TECHNICAL PAPERS: Bone/Orthopedics

Dynamic Characteristics of the Intact, Fused, and Prosthetic-Replaced Cervical Disk

[+] Author and Article Information
Michael C. Dahl1

Applied Biomechanics Laboratory, Department of Mechanical Engineering, University of Washington, Seattle, WA 98109micdahl@u.washington.edu

Jeffrey P. Rouleau

Cervical/Trauma Division,  Medtronic Sofamor Danek, Inc., 710 Medtronic Parkway, Minneapolis, MN 55432

Stephen Papadopoulos

 Barrow Neurosurgical Associates, 2910 N. 3rd Ave., Phoenix, AZ 85013

David J. Nuckley, Randal P. Ching

Applied Biomechanics Laboratory, Department of Mechanical Engineering, University of Washington, Seattle, WA 98109


Corresponding author.

J Biomech Eng 128(6), 809-814 (Apr 27, 2006) (6 pages) doi:10.1115/1.2354207 History: Received August 19, 2005; Revised April 27, 2006

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Copyright © 2006 by American Society of Mechanical Engineers
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Figure 1

Diagram of the experimental setup, depicting (from top to bottom): MTS ram, Z-axis load cell, upper body mass, specimen, six-axis load cell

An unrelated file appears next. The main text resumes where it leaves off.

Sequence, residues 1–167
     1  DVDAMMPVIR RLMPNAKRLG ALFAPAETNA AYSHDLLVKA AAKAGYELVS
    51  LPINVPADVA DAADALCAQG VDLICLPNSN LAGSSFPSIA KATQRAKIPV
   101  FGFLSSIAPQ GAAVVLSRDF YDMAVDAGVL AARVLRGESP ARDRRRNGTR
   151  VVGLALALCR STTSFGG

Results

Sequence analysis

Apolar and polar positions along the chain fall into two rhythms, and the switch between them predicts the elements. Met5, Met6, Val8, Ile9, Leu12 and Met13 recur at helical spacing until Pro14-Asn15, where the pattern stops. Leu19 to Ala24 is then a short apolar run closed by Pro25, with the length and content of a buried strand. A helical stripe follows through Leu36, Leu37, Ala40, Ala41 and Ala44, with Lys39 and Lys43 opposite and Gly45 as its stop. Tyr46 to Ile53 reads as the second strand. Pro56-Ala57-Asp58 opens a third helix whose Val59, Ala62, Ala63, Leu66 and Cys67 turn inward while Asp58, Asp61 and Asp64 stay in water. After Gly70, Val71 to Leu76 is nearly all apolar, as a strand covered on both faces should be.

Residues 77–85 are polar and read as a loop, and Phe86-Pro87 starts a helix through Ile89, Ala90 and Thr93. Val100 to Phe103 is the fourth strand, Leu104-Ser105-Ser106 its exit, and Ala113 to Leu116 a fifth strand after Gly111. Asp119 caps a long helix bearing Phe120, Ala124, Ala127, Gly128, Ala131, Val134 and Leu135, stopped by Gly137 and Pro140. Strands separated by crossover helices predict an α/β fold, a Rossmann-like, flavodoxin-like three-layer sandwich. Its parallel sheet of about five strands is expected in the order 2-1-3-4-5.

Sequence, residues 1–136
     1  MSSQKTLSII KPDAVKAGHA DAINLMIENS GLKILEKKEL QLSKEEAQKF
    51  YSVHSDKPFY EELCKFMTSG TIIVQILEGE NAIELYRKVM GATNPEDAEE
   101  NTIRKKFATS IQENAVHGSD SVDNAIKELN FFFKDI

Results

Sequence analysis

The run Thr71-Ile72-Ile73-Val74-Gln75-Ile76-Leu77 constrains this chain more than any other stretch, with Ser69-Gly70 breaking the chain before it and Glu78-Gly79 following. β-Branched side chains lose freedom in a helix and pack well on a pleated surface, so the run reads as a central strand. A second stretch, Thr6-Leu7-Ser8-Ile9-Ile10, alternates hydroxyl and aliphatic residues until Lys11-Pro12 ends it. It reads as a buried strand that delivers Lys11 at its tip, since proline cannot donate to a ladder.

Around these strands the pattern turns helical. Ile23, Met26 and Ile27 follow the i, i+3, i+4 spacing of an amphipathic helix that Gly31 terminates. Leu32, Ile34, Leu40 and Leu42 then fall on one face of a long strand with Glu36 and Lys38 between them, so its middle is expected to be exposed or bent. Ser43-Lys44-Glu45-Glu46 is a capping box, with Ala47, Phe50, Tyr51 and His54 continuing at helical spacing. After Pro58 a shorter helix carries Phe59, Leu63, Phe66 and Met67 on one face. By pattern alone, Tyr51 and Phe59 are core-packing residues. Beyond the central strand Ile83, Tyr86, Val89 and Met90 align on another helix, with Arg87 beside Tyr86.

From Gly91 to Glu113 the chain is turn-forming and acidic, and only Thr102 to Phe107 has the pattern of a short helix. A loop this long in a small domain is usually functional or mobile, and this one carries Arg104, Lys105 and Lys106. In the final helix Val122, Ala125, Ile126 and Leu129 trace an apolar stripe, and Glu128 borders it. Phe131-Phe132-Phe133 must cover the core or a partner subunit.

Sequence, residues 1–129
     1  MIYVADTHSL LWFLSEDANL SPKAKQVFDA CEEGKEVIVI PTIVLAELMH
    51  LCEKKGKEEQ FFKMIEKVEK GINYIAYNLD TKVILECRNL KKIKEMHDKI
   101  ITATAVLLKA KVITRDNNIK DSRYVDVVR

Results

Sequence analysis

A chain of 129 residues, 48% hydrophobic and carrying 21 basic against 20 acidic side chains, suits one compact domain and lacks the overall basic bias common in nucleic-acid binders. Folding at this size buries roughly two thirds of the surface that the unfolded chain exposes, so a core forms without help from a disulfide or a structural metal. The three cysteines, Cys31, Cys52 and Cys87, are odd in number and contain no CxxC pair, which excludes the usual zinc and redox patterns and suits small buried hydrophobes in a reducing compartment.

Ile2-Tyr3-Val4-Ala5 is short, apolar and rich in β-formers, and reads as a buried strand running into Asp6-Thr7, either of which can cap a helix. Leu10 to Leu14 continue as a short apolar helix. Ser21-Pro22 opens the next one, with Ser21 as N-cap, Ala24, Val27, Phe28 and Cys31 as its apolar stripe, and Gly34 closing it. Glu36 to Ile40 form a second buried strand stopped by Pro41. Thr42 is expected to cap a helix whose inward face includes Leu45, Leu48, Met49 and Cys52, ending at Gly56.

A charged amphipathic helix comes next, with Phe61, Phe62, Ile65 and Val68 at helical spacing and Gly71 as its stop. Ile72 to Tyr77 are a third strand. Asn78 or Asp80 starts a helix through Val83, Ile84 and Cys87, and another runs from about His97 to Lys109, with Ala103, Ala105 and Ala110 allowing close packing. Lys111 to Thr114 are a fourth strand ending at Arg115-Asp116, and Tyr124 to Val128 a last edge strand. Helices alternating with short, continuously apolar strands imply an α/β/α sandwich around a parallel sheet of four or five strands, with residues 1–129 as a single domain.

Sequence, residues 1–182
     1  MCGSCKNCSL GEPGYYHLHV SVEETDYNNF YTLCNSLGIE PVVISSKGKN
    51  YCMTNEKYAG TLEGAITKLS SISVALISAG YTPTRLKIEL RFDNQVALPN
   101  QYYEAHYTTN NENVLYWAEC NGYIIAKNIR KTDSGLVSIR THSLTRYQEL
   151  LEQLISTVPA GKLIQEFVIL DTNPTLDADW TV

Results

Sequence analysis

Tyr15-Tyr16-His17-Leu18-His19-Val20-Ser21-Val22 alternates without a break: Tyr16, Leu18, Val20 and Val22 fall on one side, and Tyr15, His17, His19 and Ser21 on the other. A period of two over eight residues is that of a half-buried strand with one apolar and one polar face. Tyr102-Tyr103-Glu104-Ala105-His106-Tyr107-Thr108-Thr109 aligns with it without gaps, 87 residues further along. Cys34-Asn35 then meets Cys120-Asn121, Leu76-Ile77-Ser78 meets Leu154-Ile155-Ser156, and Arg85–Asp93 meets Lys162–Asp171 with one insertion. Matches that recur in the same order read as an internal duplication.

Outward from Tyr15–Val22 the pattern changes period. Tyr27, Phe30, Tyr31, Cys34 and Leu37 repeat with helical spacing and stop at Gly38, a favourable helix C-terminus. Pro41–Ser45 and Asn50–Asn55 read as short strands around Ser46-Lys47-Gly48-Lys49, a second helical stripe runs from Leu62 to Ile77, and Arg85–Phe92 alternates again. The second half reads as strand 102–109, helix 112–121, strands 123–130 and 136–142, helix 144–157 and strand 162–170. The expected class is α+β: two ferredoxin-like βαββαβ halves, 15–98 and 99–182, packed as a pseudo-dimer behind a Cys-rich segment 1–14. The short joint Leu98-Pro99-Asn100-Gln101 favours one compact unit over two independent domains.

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Figure 2

Dynamic stiffness calculation using linear fit of loading and unloading cycle

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Figure 3

Mean and standard deviations of C5-C6 spinal level dynamic stiffnesses (400N, 10Hz, ∼31.4mm∕s). Fused construct demonstrates statistical significance over intact and implanted constructs.

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Figure 4

Implant load-displacement plots depicting hysteresis loops for increasing levels of impulse load (spec. No. 5, prosthetic)

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Figure 5

Mean and standard deviation of construct energy absorption for the three impact test levels (C5–C6 spinal level data)

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Figure 6

The implanted construct depicts an increase in regional energy absorption as a function of impulse load

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Figure 7

Superior to inferior load cell phase shift versus frequency Bode plot. Natural frequency is denoted by where phase curve crosses 90deg.

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Figure 8

Mean and standard deviation of viscous damping ratio (measured over total construct). The implanted constructs exhibited a higher damping ratio trend.



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